IT IS a total disgrace that as many as 1,400 patients at Storthes Hall hospital were buried in unmarked graves (Examiner, May 17).
These former patients suffered through no fault of their own and were locked away
They would have had relatives who possibly because of distance of travel were finally forgotten and patients were left to die and be buried in a pauper’s grave.
These patients were fellow human beings whose lives were a daily life of pills and monotony.
Why is mental health looked upon as something different to any other ailment?
Of course times and treatment have moved on.
In those days the patients were at the mercy of the opinions of the doctors which could vary greatly.
We should all feel guilty for treating them in this way and allowing them to die in unmarked graves.
It is good though that a memorial plaque will be unveiled at St Thomas’s Church in Thurstonland and a stone plaque installed by the unmarked graves in the churchyard.
A HUMAN BEING
It’s not my style
ON Sunday I drove down Chapel Hill and the view going out to the Holme Valley was spectacular.
Only one thing looming at the beginning of that view spoiled it – the new Kirklees College. There is only one word for it – hideous!
It is not innovative or cutting edge or whatever the people who gave the green light to it choose to say. It is inappropriate and misplaced.
Its scale and position overshadow everything, literally. The beautiful golden tones of the Yorkshire stone buildings fit perfectly within the surroundings but nothing, absolutely nothing, recommends the college building to me.
We are now stuck with this building and no doubt it will win awards developed by the people who built or passed it.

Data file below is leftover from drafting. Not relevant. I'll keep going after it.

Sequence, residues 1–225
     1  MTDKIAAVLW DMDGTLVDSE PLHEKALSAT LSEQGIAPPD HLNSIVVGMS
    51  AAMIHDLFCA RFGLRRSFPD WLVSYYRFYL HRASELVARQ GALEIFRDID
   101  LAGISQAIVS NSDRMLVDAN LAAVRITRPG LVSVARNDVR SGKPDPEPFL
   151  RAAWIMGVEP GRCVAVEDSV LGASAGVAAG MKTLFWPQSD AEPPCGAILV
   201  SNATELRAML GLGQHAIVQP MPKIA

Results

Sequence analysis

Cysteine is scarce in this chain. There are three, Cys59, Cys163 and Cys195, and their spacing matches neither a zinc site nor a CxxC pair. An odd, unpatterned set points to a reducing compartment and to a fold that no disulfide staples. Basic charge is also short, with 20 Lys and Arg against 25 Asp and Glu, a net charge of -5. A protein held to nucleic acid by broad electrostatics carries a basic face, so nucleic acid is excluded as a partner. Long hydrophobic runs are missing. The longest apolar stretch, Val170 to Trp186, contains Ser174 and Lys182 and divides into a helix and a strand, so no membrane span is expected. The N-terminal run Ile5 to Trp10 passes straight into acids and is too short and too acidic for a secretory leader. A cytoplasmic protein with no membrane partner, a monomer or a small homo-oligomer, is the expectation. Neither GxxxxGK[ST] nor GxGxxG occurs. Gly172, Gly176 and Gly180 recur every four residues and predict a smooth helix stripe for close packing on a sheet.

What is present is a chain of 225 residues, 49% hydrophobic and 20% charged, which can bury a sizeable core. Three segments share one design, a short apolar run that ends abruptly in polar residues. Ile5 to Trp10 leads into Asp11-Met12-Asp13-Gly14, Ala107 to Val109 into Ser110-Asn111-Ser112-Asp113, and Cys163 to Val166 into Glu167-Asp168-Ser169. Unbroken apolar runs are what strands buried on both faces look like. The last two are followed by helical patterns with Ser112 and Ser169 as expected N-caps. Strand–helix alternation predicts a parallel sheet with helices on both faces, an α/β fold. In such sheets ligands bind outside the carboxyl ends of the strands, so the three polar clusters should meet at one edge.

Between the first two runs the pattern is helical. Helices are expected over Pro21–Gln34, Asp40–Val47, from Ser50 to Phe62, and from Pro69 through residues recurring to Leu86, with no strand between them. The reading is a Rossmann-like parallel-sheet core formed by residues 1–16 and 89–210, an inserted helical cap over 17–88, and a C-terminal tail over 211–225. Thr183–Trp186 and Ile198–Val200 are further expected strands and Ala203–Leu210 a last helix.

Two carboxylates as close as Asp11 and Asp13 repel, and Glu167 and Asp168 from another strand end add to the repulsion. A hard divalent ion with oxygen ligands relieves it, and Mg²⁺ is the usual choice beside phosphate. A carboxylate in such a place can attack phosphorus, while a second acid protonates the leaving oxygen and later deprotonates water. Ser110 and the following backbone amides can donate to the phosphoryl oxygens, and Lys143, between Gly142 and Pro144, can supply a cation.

And to those who say what an exciting addition it is to the Huddersfield landscape I can only think they don’t live locally or appreciate what a blot on the landscape this building has become.
Perhaps they should read the Emperor’s New Clothes.
Despicable Visual Signs
The Examiner has reported many times about the problem of graffiti in our neighbourhoods and, in particular, the ubiquity of the DVS (Devious – geddit?) tag around Holmfirth.
Annoyed as I was to see it around town it has now appeared on my garden wall, dustbin and ( – is nowhere sacred?) in my local pub!
If I Dare Vent my Spleen, and express my Dismay at these Various Sightings I think the perpetrators are Definitely Very Stupid, Defiling Valley Sites and Defacing Views Senselessly.
Their Daubs (Vulgar Scrawls) suggest Deficient Verbal Skills.
Their Delight in Vandalising So many places in the town points to total Disregard for the Values of Society.
And so, to these Dolts (Vacuous Simpletons, Vile So and so’s) let them know that their Despicable Visuals Suck. Was it not politically incorrect I would also suggest that they Deserve a Vigorous Slap.
Someone who gives a damn
All mapped out
SAT Nav? Tom-Tom? ‘Route of the problem’ (Examiner, May 25). What happened to the folding map on the knees and a bit of common sense?
Town’s young fans
WE WOULD like to say a big thank you to Mr Dean Hoyle and all the other people who cycled to Wembley.
We were lucky enough to get tickets from our school Crosland Moor Junior and we had a brilliant day.
So thank you very much and well done Huddersfield Town.
Bradley (aged 10) and Bethany (aged 8) Johnson
MAY I on behalf of all Town supporters say a big thank you to the members and fans of Wealdstone Football Club for the kind hospitality they gave us last Saturday.